It's a prime piece of land, overlooking the sea, a grassy reserve used by the public.
The proposed location for the National Ocean Water Sports Centre is tucked under Takapuna's The Strand, overlooking the reserve that slopes to the beach. Those in favour of the 1980sq m development say it will be brilliant for water sports, boost the local economy and provide facilities for the wider community. Opponents say the location is entirely inappropriate.
Auckland Council and Harbour Access Trust are behind the development, which Yachting New Zealand will own and operate to cater for its high performance athletes. The centre will be a base for training, and an administrative space for staff and coaches.
Public amenities there will include storage for kayaks and the like, and bookable spaces for events.
To date, Auckland Council and SPARC have each contributed $3 million and the New Zealand Community Trust $2.5 million.
Already there are detailed plans for the project and resource consent is likely to be lodged in the next four weeks.
Earlier, there was criticism that the public would not have their say. In 2010, The Aucklander talked to a former Takapuna Community Board member, Ruth Ell, who said it was vital the public be advised so they could make their opinions known.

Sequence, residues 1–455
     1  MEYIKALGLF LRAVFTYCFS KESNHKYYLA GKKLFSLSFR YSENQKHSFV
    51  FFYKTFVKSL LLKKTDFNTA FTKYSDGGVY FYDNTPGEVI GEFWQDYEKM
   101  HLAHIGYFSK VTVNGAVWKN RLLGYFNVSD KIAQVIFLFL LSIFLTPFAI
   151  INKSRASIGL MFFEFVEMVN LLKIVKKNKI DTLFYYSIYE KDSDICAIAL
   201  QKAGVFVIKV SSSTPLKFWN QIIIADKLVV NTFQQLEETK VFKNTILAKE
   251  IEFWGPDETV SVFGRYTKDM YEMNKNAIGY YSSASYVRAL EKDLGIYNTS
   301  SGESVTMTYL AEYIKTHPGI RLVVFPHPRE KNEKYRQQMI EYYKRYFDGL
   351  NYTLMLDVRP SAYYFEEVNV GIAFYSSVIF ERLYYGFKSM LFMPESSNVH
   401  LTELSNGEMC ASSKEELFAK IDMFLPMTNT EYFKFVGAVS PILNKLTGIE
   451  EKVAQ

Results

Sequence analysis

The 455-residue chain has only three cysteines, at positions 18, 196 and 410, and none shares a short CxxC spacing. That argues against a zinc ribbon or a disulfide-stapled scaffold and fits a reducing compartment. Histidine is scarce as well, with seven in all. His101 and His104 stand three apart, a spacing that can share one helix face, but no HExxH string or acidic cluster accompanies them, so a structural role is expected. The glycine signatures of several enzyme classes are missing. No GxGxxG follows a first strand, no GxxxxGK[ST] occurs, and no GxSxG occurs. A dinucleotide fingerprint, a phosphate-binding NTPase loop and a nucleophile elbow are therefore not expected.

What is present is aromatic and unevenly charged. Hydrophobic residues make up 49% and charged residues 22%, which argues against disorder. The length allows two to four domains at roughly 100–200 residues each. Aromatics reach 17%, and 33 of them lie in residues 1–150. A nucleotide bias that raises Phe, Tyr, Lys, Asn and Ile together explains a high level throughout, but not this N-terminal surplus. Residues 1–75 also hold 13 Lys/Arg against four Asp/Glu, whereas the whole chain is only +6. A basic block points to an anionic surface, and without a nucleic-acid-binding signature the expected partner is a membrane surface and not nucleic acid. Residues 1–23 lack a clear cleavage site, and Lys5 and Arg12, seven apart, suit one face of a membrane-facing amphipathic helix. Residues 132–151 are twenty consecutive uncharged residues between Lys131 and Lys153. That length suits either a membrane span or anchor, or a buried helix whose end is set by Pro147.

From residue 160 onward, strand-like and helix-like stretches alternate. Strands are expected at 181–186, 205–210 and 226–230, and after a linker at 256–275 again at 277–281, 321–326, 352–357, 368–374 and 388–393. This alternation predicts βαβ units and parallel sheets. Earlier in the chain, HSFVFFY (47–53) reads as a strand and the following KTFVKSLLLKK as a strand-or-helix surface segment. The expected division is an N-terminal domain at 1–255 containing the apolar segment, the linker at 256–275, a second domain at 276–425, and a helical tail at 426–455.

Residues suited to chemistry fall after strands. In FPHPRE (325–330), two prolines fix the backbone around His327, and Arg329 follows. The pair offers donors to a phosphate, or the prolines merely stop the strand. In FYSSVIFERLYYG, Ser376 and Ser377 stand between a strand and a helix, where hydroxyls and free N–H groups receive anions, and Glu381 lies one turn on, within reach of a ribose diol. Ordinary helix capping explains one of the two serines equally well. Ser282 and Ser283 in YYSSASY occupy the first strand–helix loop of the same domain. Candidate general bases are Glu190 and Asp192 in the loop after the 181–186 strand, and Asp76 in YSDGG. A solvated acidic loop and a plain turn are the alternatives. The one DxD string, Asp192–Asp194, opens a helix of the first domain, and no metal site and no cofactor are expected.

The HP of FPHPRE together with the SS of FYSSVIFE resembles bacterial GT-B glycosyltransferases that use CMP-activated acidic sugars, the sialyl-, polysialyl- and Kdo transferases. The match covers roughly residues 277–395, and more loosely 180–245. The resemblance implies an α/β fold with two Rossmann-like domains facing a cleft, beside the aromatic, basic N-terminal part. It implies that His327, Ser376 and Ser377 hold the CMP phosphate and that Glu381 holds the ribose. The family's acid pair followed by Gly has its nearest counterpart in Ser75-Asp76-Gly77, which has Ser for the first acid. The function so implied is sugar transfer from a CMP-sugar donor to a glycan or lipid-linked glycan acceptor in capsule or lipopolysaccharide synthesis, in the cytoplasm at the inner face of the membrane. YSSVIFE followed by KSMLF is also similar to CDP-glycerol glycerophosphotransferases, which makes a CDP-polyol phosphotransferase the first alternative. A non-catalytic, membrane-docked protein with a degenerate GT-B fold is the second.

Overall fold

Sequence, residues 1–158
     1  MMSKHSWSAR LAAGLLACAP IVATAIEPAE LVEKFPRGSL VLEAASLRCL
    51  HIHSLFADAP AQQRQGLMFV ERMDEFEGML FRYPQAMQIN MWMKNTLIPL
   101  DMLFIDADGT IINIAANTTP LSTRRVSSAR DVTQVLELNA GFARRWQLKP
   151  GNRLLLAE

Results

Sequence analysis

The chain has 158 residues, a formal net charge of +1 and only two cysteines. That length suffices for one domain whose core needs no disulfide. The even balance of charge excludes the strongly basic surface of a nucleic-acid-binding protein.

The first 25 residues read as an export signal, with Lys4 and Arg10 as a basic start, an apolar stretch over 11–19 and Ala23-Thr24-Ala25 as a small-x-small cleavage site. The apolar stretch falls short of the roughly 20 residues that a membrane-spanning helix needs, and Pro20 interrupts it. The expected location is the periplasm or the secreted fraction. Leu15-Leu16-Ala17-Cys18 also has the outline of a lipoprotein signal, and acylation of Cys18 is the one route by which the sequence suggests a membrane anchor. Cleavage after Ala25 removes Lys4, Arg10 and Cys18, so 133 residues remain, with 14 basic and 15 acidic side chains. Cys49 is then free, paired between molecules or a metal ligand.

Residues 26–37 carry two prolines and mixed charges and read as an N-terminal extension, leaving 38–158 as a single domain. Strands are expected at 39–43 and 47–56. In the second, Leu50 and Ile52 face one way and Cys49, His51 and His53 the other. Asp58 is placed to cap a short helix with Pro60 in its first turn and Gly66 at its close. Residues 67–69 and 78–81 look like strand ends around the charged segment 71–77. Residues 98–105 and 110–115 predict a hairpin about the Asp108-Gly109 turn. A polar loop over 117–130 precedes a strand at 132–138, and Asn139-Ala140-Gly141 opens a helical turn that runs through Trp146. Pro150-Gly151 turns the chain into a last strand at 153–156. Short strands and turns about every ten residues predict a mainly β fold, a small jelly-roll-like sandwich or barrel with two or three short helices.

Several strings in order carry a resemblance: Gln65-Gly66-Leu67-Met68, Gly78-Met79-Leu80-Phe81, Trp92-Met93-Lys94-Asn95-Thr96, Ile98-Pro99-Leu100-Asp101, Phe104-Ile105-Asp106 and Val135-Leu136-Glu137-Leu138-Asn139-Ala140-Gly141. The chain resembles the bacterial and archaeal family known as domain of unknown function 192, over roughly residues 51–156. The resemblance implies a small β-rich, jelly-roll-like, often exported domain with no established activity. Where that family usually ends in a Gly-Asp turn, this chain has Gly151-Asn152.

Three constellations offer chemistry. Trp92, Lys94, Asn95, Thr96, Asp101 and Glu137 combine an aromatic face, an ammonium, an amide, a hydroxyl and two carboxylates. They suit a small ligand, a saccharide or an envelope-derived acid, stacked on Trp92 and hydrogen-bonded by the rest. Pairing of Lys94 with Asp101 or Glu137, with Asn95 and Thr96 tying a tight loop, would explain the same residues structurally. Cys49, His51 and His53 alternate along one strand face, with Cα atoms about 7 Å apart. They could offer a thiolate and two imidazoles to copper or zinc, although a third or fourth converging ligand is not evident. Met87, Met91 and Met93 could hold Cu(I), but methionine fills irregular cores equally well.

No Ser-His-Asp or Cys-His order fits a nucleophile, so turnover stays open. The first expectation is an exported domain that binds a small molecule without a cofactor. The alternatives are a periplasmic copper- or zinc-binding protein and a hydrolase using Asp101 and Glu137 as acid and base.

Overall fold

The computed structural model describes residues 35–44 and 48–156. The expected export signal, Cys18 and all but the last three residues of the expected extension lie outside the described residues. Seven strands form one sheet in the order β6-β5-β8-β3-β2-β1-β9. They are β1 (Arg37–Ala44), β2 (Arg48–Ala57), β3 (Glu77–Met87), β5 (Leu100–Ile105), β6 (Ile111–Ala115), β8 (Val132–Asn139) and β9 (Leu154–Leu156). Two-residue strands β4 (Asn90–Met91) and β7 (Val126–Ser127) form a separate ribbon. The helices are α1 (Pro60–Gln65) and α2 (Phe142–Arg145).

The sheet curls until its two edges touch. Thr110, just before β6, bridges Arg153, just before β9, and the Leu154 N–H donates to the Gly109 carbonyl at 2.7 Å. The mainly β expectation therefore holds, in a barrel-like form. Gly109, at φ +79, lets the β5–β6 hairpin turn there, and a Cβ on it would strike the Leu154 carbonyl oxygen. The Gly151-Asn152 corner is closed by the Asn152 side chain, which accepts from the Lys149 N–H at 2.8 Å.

Devonport-Takapuna Local Board chair Chris Darby says Yachting New Zealand recognises huge community interest in the centre and accepts the need for the public to be informed. He says Auckland Council's $3 million contribution has not yet been released but will help fund community facilities, including public toilets, showers, changing rooms and boat storage. He anticipates 30 per cent of the building's area will be for general community use.
Mr Darby says the board inherited the decision to join the development from the former North Shore City Council. "We are implementing the resolutions the council is bound to through contract, and that is the delivery of the National Ocean Water Sports Centre."
He says the the project will be rigorously tested through the consent process. "[The centre is] on the edge of a reserve and it will be built under the road reserve. We know there is public support and there are [also] those who have concerns about it."
One of those concerned is Takapuna resident Jim Young, who remembers when the former Takapuna City Council bought the beachfront land, removed the houses and turned it into a reserve.
He and fellow members of local group Environment Takapuna, believe the centre and a nearby hardstand to store high-performance boats will reduce reserve space and impede public access.
"The reserve was purchased at a cost of many millions of dollars, for the whole public of the North Shore. It was meant for everybody," he says.
Mr Young has an affinity with boats. He's an award-winning boatbuilder and lifelong yachtsman, but worries large-scale events organised by the centre will clog the reserve with boats.
"Almost certainly when they bring their boats up they are going to drip saltwater and kill the grass. There's just not enough room for the kind of activities proposed."